Leading Civil Rights Attorneys Explain Governmental Immunity

Governmental Immunity Explained


The legal doctrine of governmental immunity stands for the idea that the government cannot commit a legal wrong and are immune from lawsuit or criminal prosecution for their activities. This concept is derived from common law in England where the translation of rex non protest peccare directly means, “the king can do no wrong.” Today, each jurisdiction has enacted some form of governmental immunity laws, and Michigan is no different. In Michigan, the process to file an injury claim against the government is found within the Governmental Tort Liability Act (GTLA). Under the GTLA, government agencies are generally immune from liability for torts if the governmental agency is “engaged in the exercise or discharge of a governmental function.” A “governmental function” is defined under the GTLA as an activity that is expressly or impliedly mandated or authorized by law. As long as the government action or actor has some basis in law authorizing it, then the government is typically protected from lawsuits. 


The main exception to get past governmental immunity in Michigan is to prove that the government actor’s conduct was grossly negligent, and the conduct was the proximate cause of any alleged injuries or damage. In police brutality and jail death cases, this is the exception that allows the government to be held financially liable for one of their actors’ actions. Other exceptions also exist within the GTLA that allow lawsuits against the state of Michigan, they include claims for:

  • Failure to maintain public highways: Michigan law requires roads to be reasonably safe and convenient for public travel.
  • Negligently operating a government-owned vehicle: The government can be held liable for the negligent driving of an employee operating a government-owned vehicle that is involved in an accident.
  • Defect in a public building: This involves a known, unsafe defect in a building that the government has not fixed in a reasonable amount of time, allowing the danger to exist.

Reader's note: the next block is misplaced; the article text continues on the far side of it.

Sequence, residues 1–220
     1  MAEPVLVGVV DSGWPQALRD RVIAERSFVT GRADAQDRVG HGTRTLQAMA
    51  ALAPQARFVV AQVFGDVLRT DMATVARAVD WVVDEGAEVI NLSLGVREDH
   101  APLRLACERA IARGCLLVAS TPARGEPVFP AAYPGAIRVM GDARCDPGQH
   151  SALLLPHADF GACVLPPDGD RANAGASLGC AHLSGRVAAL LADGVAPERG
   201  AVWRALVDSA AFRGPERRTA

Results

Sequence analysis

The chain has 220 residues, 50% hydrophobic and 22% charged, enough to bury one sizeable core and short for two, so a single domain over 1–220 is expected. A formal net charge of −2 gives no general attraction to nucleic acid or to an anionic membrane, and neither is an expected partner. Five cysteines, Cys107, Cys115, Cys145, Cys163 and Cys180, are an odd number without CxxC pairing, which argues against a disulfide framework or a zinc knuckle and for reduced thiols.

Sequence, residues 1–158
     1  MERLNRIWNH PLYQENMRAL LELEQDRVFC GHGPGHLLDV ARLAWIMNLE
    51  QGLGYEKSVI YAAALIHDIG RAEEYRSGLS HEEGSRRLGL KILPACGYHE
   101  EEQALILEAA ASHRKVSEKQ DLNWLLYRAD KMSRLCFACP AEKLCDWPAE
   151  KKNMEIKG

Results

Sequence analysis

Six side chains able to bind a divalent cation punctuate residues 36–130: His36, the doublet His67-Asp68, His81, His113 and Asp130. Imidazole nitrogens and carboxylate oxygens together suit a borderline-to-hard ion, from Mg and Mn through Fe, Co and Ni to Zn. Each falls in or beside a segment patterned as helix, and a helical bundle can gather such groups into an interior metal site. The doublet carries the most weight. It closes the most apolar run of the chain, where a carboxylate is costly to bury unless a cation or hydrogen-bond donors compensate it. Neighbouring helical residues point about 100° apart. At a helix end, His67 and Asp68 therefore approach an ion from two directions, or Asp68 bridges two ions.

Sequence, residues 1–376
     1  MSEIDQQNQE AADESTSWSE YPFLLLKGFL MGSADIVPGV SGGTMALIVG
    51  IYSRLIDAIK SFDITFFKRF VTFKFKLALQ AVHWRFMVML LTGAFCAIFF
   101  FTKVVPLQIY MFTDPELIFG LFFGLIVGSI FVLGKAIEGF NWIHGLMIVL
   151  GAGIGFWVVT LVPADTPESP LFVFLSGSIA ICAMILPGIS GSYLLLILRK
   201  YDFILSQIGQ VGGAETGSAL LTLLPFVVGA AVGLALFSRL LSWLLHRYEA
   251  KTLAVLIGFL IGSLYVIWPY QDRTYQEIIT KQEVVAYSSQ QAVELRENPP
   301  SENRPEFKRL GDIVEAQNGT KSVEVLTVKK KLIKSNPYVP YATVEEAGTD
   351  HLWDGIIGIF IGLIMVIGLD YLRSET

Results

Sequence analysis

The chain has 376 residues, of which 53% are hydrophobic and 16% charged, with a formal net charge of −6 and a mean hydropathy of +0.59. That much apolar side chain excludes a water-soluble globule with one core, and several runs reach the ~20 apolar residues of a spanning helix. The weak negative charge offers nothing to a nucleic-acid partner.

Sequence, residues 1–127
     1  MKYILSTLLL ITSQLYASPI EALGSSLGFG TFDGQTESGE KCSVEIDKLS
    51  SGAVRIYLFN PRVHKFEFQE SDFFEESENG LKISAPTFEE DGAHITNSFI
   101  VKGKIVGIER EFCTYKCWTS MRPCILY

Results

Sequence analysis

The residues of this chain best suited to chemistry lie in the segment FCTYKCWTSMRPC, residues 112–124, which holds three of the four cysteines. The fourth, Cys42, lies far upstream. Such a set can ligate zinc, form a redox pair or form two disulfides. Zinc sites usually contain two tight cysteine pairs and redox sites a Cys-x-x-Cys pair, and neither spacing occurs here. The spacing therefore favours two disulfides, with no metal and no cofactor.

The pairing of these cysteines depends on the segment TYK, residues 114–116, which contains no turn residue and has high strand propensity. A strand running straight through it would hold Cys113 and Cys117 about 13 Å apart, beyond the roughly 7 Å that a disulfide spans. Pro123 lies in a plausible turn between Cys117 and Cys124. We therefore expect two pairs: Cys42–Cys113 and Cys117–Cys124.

• Failure to provide adequate medical care: All care that is administered by hospitals owned by the Michigan Department of Corrections (MDOC) and the Michigan Department of Community Health is subject to lawsuit for medical negligence.
  • Sewage disposal system damage or injury: Similar to defects in a public building, if a sewer or drain is not repaired in a reasonable amount of time and then causes and injury, the government can be held liable.
  • Performance of a money-making governmental function: If the government’s actions were to make a monetary profit from something other than general taxes and fees, then they can be held liable in an appropriate lawsuit.

If you have questions about the likelihood of being able to sue the government for the actions of one of its employees, then it is important that you speak to an experienced civil rights/ police brutality attorney immediately. There are time limitations on how long you have before you can bring your case forward. If you file too late, then you will likely be unable to ever file a successful lawsuit.


Trying to determine the strength of your case can be tricky and confusing to do on your own. Governmental immunity is designed to keep lawsuits against local and state governments down to a minimum. So, in many cases, people are not able to file suit against the government. Because of this, not many attorneys have real experience in suing the government successfully. To get the best advice about the strength of your case, it is wise to seek the advice of an attorney with a real track record of success in lawsuits for cases similar to yours. You will first need to determine if your case gets past governmental immunity and the coverage of the GTLA. Call us at Oakes Law Group so we can help you make that determination.


If you have one or more convictions on your criminal record that you are looking to expunge, then it is important to speak to an experienced criminal defense attorney immediately. At Oakes Law Group, we are proud to offer FREE consultations to all prospective clients. If you are in the process of choosing your attorney or are looking for an honest assessment of your legal situation, then our attorneys are available to help you now. Feel free to contact us anytime at 1-888-886-5711 or email. Our advice is free, and our conversations will always be protected by attorney-client privilege. Make your first choice towards a clean record with a consultation with an experienced criminal defense attorney at Oakes Law Group today.

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